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24. The Shining Weapon. Or, First Corinthians Late and Spurious.

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Manage episode 329991355 series 2911288
Content provided by Chris Palmero. All podcast content including episodes, graphics, and podcast descriptions are uploaded and provided directly by Chris Palmero or their podcast platform partner. If you believe someone is using your copyrighted work without your permission, you can follow the process outlined here https://player.fm/legal.

A haze of mystery surrounds the figure of Paul and his confusing, contradictory letters - especially the Matryoshka Doll that is his First Letter to the Corinthians, which seems to have eight smaller letters hiding inside of it. But host Chris Palmero reveals that First Corinthians is not only the key to understanding how and when Paul's letters were actually written. It's also "the shining weapon" that just might help us cut through the haze of mystery and reveal the truth about the Historical Paul.
BORN IN THE SECOND CENTURY continues its New Testament journey with a series of episodes on the Historical Paul and his most important letter. First Corinthians will be revealed as a late and composite patchwork - the product of serial editing over a period of decades, and clashing doctrines and opinions of the Pauline clerics who wrote in the name of a semi-mythical figure.
Anyone who listens to this episode can learn about why the historical Paul should be considered the greatest genius in the history of the universe, about the many strange problems in the initial chapters of First Corinthians, about the strange "glitch in the matrix" feeling that we sometimes get when reading Christian texts, about the source of Paul's mysterious "ailment" to which (some of) his letters allude, and about why these second century clerics chose to write in Paul's name.
Opening reading: The great psychologist Julian Jaynes believed that ancient people had no consciousness. Might this help us understand why Paul's letters sometimes resemble angry, argumentative online comment sections, rather than actual epistles?
Note: the host reads "ultra-literal" New Testament translations at one point. These come from www.biblicalaudio.com.

Support the show

YouTube: @borninthesecondcentury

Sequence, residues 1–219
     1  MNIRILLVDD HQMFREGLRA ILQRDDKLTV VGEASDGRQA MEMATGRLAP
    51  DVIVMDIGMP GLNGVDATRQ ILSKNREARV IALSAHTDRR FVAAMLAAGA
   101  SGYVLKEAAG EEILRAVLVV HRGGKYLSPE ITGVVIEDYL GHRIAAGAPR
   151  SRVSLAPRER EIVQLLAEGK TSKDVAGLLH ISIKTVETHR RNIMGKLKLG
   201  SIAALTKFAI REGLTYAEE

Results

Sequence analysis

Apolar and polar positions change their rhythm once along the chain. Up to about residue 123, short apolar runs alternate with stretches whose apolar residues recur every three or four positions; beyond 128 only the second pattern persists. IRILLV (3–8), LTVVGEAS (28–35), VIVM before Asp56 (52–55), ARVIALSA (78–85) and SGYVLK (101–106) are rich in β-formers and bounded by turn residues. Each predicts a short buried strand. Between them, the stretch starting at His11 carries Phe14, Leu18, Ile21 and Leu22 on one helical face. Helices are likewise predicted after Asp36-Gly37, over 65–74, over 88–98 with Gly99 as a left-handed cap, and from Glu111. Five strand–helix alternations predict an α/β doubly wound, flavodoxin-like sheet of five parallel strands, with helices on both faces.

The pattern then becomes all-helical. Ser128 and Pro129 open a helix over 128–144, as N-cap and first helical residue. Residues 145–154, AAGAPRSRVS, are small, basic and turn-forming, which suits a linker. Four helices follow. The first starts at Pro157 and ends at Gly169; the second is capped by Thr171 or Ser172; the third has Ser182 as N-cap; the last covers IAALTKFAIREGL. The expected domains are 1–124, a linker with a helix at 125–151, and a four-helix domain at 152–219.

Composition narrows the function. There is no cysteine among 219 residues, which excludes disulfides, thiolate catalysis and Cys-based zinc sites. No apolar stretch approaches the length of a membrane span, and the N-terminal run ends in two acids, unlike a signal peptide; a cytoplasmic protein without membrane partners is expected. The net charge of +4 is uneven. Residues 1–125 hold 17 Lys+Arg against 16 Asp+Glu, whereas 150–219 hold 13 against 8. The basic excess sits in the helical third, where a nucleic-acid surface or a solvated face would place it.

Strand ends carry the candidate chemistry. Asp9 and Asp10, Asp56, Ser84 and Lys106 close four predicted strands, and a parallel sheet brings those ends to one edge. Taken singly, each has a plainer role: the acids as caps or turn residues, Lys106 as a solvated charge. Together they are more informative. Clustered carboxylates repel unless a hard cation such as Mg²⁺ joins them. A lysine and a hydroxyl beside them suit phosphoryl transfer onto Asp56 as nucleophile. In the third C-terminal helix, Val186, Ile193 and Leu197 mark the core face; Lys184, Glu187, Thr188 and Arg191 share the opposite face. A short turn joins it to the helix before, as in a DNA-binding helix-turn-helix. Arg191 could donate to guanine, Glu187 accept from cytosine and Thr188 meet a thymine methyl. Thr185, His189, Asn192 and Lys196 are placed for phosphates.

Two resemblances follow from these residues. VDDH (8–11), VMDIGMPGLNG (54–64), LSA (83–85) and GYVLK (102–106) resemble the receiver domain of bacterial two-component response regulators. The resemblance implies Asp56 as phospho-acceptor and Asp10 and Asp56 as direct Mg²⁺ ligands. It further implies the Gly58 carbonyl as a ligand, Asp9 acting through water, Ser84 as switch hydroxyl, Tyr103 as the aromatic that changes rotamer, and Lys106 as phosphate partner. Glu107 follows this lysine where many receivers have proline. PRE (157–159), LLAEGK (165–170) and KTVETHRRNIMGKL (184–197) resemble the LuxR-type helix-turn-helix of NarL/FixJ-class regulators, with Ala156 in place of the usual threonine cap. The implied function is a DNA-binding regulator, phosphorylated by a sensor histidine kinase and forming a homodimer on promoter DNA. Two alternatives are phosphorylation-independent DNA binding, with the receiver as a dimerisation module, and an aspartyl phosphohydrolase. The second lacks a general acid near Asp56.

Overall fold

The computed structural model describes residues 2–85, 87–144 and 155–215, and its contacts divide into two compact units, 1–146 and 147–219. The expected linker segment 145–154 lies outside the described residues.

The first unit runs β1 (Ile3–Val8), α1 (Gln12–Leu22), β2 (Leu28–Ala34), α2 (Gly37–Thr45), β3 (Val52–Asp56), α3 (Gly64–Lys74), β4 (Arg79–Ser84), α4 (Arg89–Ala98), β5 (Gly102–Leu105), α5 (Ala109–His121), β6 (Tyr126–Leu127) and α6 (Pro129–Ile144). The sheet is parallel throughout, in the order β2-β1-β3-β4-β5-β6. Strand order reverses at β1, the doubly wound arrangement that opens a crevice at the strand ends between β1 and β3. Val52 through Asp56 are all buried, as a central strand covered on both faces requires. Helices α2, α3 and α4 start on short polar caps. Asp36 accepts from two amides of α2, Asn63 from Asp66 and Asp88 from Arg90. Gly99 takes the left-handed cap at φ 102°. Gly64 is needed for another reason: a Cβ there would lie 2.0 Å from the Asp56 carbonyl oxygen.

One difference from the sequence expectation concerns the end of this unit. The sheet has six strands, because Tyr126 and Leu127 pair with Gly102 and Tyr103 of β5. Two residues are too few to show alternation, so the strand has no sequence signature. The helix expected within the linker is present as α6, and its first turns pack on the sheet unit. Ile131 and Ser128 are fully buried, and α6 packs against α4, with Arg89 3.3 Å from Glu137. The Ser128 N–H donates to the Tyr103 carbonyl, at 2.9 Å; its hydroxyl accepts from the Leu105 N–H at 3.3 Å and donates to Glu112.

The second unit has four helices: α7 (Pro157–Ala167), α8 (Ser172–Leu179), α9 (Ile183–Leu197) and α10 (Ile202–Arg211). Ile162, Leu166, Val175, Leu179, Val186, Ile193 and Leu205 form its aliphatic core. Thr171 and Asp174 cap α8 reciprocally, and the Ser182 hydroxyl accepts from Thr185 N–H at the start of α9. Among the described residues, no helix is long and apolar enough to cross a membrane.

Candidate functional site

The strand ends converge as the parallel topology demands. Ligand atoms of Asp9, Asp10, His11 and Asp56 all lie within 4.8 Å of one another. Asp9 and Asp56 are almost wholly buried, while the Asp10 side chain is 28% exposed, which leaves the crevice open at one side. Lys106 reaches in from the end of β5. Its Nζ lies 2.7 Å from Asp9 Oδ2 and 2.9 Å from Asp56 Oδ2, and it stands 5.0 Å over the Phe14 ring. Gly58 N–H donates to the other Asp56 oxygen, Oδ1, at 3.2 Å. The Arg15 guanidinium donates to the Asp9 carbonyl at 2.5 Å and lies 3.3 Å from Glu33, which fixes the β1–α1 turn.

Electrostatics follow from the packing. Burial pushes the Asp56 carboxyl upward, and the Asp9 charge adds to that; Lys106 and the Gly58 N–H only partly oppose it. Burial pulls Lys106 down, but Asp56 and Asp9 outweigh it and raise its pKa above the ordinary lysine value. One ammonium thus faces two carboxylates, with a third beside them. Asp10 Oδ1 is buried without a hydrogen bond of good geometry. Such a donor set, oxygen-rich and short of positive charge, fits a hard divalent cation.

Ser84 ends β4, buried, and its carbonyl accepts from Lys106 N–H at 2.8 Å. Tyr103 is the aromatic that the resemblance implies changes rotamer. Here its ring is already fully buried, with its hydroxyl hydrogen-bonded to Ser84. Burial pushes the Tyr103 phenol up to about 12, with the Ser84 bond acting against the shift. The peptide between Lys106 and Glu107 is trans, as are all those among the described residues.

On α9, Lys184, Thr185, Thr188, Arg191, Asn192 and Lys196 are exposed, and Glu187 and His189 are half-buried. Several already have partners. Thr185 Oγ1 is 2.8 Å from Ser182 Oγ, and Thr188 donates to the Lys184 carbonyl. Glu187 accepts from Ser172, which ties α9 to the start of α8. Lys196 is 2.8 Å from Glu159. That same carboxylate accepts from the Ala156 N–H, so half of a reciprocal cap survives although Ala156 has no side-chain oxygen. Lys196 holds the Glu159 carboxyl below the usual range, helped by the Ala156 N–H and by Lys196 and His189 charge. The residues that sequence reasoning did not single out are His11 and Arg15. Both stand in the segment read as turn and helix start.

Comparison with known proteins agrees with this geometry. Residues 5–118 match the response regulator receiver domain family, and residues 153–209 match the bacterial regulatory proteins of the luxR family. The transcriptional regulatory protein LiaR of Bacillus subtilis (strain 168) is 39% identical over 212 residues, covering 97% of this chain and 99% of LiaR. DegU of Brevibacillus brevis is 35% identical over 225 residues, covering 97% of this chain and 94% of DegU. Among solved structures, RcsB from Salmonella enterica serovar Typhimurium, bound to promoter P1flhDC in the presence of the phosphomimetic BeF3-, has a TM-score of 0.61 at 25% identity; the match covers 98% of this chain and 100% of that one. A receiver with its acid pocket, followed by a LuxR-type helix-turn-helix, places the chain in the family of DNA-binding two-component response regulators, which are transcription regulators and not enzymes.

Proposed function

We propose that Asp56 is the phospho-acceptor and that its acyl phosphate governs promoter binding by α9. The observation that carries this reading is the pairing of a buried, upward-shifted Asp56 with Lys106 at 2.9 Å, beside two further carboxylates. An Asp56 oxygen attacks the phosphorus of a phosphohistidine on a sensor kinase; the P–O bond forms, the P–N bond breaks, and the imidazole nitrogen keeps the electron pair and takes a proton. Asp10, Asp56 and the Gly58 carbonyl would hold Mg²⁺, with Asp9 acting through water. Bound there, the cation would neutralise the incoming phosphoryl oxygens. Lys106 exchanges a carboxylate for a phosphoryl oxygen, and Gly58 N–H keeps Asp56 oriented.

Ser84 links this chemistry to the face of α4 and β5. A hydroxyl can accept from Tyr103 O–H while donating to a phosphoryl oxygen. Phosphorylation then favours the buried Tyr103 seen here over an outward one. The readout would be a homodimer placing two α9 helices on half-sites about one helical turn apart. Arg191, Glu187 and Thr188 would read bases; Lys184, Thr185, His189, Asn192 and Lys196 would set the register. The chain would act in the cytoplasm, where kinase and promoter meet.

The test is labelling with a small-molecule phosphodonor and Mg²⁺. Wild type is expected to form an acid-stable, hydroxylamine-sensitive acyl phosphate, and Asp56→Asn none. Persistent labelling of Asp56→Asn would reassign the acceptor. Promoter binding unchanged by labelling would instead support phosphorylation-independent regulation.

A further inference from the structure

E-mail: secondcenturypodcast@gmail.com
Music: Pompeii Gray on Apple Music, Spotify, YouTube, SoundCloud

  continue reading

37 episodes

Artwork
iconShare
 
Manage episode 329991355 series 2911288
Content provided by Chris Palmero. All podcast content including episodes, graphics, and podcast descriptions are uploaded and provided directly by Chris Palmero or their podcast platform partner. If you believe someone is using your copyrighted work without your permission, you can follow the process outlined here https://player.fm/legal.

A haze of mystery surrounds the figure of Paul and his confusing, contradictory letters - especially the Matryoshka Doll that is his First Letter to the Corinthians, which seems to have eight smaller letters hiding inside of it. But host Chris Palmero reveals that First Corinthians is not only the key to understanding how and when Paul's letters were actually written. It's also "the shining weapon" that just might help us cut through the haze of mystery and reveal the truth about the Historical Paul.
BORN IN THE SECOND CENTURY continues its New Testament journey with a series of episodes on the Historical Paul and his most important letter. First Corinthians will be revealed as a late and composite patchwork - the product of serial editing over a period of decades, and clashing doctrines and opinions of the Pauline clerics who wrote in the name of a semi-mythical figure.
Anyone who listens to this episode can learn about why the historical Paul should be considered the greatest genius in the history of the universe, about the many strange problems in the initial chapters of First Corinthians, about the strange "glitch in the matrix" feeling that we sometimes get when reading Christian texts, about the source of Paul's mysterious "ailment" to which (some of) his letters allude, and about why these second century clerics chose to write in Paul's name.
Opening reading: The great psychologist Julian Jaynes believed that ancient people had no consciousness. Might this help us understand why Paul's letters sometimes resemble angry, argumentative online comment sections, rather than actual epistles?
Note: the host reads "ultra-literal" New Testament translations at one point. These come from www.biblicalaudio.com.

Support the show

YouTube: @borninthesecondcentury
E-mail: secondcenturypodcast@gmail.com
Music: Pompeii Gray on Apple Music, Spotify, YouTube, SoundCloud

  continue reading

37 episodes

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